Protein’s “Third Way” Could Meet Market’s Demand for Sustainable Food Supply Chains

Humanity has relied on plants and animals to meet our protein needs for thousands of years. As these methods become increasingly strained due to climate change and a growing population, a Silicon Valley company believes a third way—fermentation—could rewrite the rulebook.

Fermentation is a concept almost everyone on Earth is familiar with. It has been utilized since Neolithic times and is critical to producing any number of popular foods and drinks the world over.

Bread and beer are only possible because of fermentation. Similarly, yogurt, miso and even recently popular products such as kombucha have this natural process to thank for not just their unique flavors and long shelf life, but for many of their health benefits, such as improved digestion.

For Alan Shaw, Ph.D., fermentation has even more potential. He wants to use it to address one of the biggest challenges facing society: How do we feed people sustainably?

Shaw is the cofounder, CEO and President of Calysta, a company that has spent the last 10 years perfecting a technology that can create protein from carbon gases, a natural and plentiful source of energy. The secret is in harnessing an organism nature has perfected over millions of years.

“The beauty of our technology is that the hard work has already been done by nature,” says Shaw, who is preparing to open the world’s first industrial-scale facility to produce Calysta’s protein in China later this year. “Nobody has been able to replicate that process at scale before—until now. We truly believe it’s going to change the world.”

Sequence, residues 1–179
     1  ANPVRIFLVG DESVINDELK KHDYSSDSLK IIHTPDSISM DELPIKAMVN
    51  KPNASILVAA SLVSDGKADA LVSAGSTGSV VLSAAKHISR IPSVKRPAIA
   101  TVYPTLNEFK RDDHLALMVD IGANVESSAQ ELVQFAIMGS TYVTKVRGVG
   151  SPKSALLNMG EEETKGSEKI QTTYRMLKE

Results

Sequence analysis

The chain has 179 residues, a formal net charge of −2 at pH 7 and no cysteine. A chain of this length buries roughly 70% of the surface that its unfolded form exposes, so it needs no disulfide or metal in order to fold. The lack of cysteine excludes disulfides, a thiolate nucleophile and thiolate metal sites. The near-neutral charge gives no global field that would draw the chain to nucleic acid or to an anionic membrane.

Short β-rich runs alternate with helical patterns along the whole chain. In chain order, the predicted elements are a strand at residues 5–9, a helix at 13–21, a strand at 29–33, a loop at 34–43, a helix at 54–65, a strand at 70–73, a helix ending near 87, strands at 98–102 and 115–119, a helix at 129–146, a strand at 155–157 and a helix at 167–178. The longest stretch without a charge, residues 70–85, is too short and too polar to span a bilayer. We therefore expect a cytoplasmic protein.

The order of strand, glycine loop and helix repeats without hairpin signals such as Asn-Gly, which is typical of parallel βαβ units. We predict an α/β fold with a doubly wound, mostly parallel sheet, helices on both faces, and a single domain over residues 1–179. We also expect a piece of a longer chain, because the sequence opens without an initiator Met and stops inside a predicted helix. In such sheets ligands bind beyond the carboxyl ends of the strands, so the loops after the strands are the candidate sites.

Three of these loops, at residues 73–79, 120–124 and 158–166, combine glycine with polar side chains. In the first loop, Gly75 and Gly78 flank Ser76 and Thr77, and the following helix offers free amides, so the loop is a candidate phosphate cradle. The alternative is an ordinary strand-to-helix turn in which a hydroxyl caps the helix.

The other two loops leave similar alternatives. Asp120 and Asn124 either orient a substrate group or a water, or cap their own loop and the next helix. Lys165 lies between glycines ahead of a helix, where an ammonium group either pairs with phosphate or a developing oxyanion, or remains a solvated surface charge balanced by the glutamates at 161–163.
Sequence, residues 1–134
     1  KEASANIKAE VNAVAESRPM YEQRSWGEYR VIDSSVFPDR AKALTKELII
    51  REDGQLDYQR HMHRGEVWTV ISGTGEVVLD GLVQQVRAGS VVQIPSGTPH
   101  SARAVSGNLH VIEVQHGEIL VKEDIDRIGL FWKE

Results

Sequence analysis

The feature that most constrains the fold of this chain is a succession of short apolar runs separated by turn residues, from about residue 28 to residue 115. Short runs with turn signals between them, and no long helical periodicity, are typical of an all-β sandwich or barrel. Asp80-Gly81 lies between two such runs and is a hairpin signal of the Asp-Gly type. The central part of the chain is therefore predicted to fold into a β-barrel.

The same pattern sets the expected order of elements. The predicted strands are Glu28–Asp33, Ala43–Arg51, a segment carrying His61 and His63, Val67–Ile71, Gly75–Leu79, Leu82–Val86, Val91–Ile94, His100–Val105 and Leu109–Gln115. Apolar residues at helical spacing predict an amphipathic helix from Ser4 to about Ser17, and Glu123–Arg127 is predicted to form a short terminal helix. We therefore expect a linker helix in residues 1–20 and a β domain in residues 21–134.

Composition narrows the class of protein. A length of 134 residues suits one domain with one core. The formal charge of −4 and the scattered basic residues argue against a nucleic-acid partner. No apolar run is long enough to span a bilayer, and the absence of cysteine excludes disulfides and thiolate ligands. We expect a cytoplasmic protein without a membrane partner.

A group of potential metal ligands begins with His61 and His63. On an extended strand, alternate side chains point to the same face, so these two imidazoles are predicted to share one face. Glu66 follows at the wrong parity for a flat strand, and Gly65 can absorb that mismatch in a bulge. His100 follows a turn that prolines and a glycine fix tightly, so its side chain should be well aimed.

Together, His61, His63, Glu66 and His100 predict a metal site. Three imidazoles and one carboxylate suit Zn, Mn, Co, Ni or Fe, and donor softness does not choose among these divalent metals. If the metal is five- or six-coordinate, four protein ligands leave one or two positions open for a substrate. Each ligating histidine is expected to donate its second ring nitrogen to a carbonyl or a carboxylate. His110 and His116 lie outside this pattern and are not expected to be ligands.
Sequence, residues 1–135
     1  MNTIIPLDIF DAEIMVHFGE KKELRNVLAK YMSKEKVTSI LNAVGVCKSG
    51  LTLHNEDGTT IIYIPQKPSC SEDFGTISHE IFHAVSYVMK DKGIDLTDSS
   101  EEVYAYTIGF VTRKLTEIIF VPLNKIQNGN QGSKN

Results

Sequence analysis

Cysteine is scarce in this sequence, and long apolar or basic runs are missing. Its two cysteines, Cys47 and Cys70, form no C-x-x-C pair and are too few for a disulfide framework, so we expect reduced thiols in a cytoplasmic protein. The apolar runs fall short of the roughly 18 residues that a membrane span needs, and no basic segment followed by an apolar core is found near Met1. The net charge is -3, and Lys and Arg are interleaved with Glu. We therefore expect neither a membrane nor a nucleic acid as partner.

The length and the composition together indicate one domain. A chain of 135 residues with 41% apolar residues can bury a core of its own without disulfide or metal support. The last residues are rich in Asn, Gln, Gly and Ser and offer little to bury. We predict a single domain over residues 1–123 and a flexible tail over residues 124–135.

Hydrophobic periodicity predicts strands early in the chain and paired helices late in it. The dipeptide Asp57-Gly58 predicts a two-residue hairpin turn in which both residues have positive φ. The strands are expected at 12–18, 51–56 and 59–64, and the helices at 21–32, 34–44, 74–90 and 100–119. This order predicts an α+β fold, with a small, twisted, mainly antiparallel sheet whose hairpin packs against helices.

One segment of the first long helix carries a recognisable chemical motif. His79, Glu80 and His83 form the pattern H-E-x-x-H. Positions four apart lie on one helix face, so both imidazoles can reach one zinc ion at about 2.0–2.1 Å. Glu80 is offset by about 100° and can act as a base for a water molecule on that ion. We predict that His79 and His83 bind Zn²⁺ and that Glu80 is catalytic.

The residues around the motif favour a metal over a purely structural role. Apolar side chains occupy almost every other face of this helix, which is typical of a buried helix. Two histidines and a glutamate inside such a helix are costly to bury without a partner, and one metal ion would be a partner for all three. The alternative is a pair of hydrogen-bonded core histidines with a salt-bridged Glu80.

Alan Shaw is the cofounder, CEO and President of Calysta

Calysta’s proprietary technology builds on a platform first developed in the 1980s by Statoil, which created a system that placed a natural microorganism in an optimal environment, awash with all required for growth, and eliminated threats. This fermentation produced a perfect protein—nutritious, non-GMO and safe to eat—an excellent food ingredient.

But the tech was, in truth, ahead of its time. Nobody was thinking about a global food crisis coming in the 1990s.

Fast-forward to 2014. The UN had been warning of the food gap—a need to produce 70 per cent more food than was being produced in 2006 to feed a population set to hit nearly 10 billion by 2050. Existing techniques were unsustainable and new ideas were urgently needed. Time for a solution was running out.

“We had been investigating using biological processes to create fuel, but when we learned there was a technology available that could use microbes to create protein, it was a no-brainer,” Shaw says.

“By fermenting this natural microbe, we could create a nutritious, high-quality protein that uses absolutely no arable land, no animal or plant matter and almost no water—and we could do that anywhere in the world. It was the definition of a food of the future. We pulled out all the stops to acquire it.

“We didn’t just buy a technology that day—we bought a protein without limits.”

Calysta still had work to do. In 2016 it built an R&D facility in Teesside, England, close to Shaw’s hometown. There, the company perfected how to scale the technology, gaining certification to use the protein in a variety of products all around the world, from an ingredient in aquaculture feed, FeedKind® Aqua, to a healthy food ingredient for pets and, later, people.